Working with Vikings: ‘They just ... kick a few heads in and shag off’
Stills exhibition from series shot in Wicklow opens at Mermaid Arts Centre in Bray
The Vikings land on the Northumbrian Coast, in reality Silver Strand in Co Wicklow. Photographs: Jonathan Hession and Bernard Walsh
Things have been going on in the Wicklow Mountains that most people are not aware of.
The television series Vikings is being shot at Ashford Studios in the Wicklow town and at a number of locations throughout the county such as Luggala Estate in the Wicklow Mountains, the Devil’s Glen in Ashford, Newcastle, Silver Strand and Brittas Bay Beach, the Avoca Mines and the Blessington Lakes.
A few months back stills photographer Jonathan Hession was editing some photographs of a massive battle that had been shot for the series
It had been a particularly good day for stills: hundreds of extras, horses, firewalls and huge mayhem . . . and he got some great shots of the general carnage.
However, it occurred to him that in all likelihood probably nobody in Ireland would actually ever see the photographs he had taken. They would end up in a digital graveyard on some photo editors computer in the US.
He approached series producer Morgan O’Sullivan, also responsible for The Tudors and Penny Dreadful, proposing an exhibition of stills from Vikings so the Irish public could see behind the scenes of the local, yet globally popular, show.
O’Sullivan approved and, in conjunction with The Wicklow Film Commission, agreed to sponsor an exhibition of publicity stills.
Hession has photographed Vikings with his colleague Bernard Walsh for the last six seasons of the show. Between them they have come up with a selection of 35 action photographs and 20 “behind the scenes” images.
Their exhibition “Vikings in Focus” opened on Thursday at the Mermaid Arts Centre in Bray and runs until March 17th.
Hesssion has been shooting stills on film sets in Ireland and around Europe for the last 30 years. His first film was My Left Foot back in 1988 with director Jim Sheridan and actor Daniel Day-Lewis. Then there was The Field and In The Name of the Father.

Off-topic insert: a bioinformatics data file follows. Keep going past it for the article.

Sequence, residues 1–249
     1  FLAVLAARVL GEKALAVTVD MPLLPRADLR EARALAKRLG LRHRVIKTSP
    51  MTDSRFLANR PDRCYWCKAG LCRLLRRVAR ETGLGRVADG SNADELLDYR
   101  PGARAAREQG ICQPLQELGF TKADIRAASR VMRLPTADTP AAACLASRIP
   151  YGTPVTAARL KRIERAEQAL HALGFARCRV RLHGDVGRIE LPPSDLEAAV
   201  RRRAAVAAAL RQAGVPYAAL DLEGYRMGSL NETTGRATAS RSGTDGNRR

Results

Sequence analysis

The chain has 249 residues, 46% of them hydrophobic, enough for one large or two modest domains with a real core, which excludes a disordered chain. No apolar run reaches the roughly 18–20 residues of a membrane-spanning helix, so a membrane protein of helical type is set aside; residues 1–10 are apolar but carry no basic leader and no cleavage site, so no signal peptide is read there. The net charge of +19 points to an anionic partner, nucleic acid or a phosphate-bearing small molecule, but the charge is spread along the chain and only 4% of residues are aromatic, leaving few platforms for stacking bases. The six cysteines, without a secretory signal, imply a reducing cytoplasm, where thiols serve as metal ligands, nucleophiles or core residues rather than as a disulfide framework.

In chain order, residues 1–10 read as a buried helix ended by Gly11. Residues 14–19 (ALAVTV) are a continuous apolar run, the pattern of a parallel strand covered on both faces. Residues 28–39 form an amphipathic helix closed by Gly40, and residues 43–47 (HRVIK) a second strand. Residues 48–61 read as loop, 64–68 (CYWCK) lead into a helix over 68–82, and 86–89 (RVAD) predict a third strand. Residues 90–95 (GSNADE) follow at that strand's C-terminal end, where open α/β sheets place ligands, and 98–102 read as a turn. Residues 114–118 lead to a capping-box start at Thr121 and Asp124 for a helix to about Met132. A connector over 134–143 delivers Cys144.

Since then he has worked on some 50 feature films and plenty of television, the best of which he believes to be The Tudors, The Borgias and more recently Vikings.
He credits O’Sullivan for the recent renaissance in the Irish film scene, saying he has kept him and hundreds of film technicians busy for the last decade.
Typical film set shooting days are 10 hours long with lunch eaten on the hoof. Better than the old days though when 12-hour days plus one for lunch, six days a week, were typical.
Asked about the best and worst parts of the job, Hession names a couple of actors, including the late Richard Harris, as “attention seeking idiots”.
However, he concedes the work can be especially difficult for method actors such as Day Lewis or Andrea Riseborough to ignore the stills camera during live shooting, despite being surrounded by movie cameras.
He says it is different on Vikings.
“They just come out, say their lines, kick a few heads in and shag off. It’s the best show I’ve actually worked on.”
A bonus of the job is that many actors are extremely photogenic and good looking.
“ My absolute fave would be Eva Green, the French actor in Penny Dreadful and Cracks, a movie shot here a couple of years ago. She’s just delightful. Pete Postlethwaite was my favourite male actor. Total gent.”
Vikings shoots regardless of weather conditions, up in the mountains , night or day. There is big camaraderie amongst the shooting crew and Hession rates the production as one of the friendliest and most organised on which he has worked. Last season, he shot more than 40,000 frames for 20 episodes.
Modern digital recording capacity means he would shoot about 1,300 frames a day, while back in film days he would peak at about 10 rolls of 36 exposure film.
The images are used mainly as publicity stills but also for continuity purposes.